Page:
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Will someone please quit winding the clock? Time is moving way too fast. It’s almost October, though you couldn’t much tell it by the weather we’re having now.
I brought out the Old Farmer’s Almanac to see what was forecast for October. On the plus side, it calls for 2.5 inches of rain. Rain showers, mixed with warm and sunny days, make up most of the month. One exciting note for the 21st through the 29th is snow showers. Kind of hard to imagine that right now.
October seems to be the time when we have four seasons in one month. Since anything is possible, time is running out to prepare your plants for winter. If you haven’t yet brought in those houseplants get cracking,
Houseplants that have spent the summer on the porch should be hosed off to make sure the insects stay outside. You may even want to re-pot a few to make sure that they have plenty of fertile soil to live off of during the winter.
Plants that stay outside, but need a little protection for winter, can have their trunks wrapped with burlap or a burlap fence to keep out the real cold. Lawn care during this time of year is supposed to be simple.
This is the time when we are supposed to aerate your lawn’s soil. All of our summer chores have packed down that soil. An aerator is a walk behind little machine that sends tiny spikes into the soil to let it breath again. You might want to wait until we get a little rain so the spikes will actually break the soil.
September’s high temperatures and lack of rain has pretty much killed my popcorn. The beans, though still blooming, are dieing of thirst. Well, I’ve had plenty of beans and tomatoes this season, so I can’t complain. I still have hundreds of green tomatoes, but I’m pulling them at the first sign of color to relieve the stress on the plant. It’s my sweet potatoes that are causing me the most disappointment.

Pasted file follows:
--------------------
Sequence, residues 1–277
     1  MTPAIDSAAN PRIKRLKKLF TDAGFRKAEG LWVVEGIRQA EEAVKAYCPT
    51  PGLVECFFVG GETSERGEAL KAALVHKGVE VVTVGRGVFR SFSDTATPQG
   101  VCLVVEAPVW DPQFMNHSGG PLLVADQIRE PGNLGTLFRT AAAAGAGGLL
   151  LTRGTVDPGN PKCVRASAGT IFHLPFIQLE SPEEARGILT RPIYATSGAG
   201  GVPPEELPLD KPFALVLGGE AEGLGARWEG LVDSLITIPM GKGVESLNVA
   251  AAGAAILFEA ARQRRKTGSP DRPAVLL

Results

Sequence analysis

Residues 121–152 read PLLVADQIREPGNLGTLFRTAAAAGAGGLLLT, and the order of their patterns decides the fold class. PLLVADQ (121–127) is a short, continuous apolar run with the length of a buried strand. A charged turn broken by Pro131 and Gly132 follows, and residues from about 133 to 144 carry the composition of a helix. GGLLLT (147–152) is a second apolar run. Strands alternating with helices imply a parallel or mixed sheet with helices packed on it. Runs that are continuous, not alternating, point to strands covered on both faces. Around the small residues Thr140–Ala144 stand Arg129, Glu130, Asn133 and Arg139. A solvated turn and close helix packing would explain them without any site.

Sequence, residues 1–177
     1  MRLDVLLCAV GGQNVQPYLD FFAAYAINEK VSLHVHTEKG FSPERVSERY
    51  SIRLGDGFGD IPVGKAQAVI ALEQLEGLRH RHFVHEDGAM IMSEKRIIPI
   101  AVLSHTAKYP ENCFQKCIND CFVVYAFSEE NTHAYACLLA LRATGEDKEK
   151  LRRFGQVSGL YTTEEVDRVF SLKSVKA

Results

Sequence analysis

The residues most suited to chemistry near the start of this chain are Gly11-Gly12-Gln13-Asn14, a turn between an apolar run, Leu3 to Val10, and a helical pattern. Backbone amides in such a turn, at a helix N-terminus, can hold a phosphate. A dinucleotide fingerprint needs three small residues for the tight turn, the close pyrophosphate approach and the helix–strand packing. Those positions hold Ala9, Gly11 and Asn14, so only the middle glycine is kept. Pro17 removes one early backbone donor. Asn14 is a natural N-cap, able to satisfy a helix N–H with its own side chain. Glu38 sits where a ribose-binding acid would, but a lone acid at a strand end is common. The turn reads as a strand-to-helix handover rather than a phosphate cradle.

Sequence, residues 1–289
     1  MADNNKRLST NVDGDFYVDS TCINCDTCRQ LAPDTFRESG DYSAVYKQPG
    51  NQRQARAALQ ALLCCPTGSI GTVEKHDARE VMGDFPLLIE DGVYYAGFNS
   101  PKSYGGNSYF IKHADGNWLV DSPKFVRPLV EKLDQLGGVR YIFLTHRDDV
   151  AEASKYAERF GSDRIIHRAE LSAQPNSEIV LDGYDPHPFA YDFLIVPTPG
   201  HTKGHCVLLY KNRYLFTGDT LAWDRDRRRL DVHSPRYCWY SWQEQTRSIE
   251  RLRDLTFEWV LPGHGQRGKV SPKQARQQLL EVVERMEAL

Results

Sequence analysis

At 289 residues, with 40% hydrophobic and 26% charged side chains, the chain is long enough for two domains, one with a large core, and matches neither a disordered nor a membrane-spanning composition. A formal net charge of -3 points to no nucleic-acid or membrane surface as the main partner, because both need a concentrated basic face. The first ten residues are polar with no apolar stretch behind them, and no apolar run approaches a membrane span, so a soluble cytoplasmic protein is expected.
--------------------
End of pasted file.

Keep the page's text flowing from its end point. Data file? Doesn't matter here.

You may remember that these are really old heirloom sweet potatoes. I’d never grown sweet potatoes. I planted a 10 feet by 15 feet plot of them and they flourished. What a beautiful ground cover they created. Then, the drought hit. Now, I’m waiting for the ground to become a little less concrete-like, before I dig them up. We’ll see what kind of harvest survives.
I’m also waiting to plant my garlic and more asparagus. Both should have been in by now, but I couldn’t get the soil broken up and I didn’t want to have to water so much. I’m really hoping Mother Nature will pull through for us so I can get them in the ground.
The cooler nights have been nice. I like to hang out on the porch with the critters to watch the night sky and listen to the sounds. It is now fully dark by the time I get home from work and I’ve noticed a new addition to the porch when I pull up.
I’m usually greeted by a cat or two, but lately Mr. Toad has taken up residence. He’s like a greeter at Walmart, watching everyone go by him. All three dogs and both cats have gotten used to him, and believe it or not they all like each other.
We all sit on the porch, within a 5-foot space. Yes, they have 17 acres of room, but they all want to be where I am, including Mr. Toad. What a picture we make. I never have a camera when I want it. Now, get out there and prepare for winter. We can only hope we get enough rain to help everything perk up before the really cold stuff hits. Until then, keep watering.
Cheryl Steenerson is a gardening columnist for The Anderson News.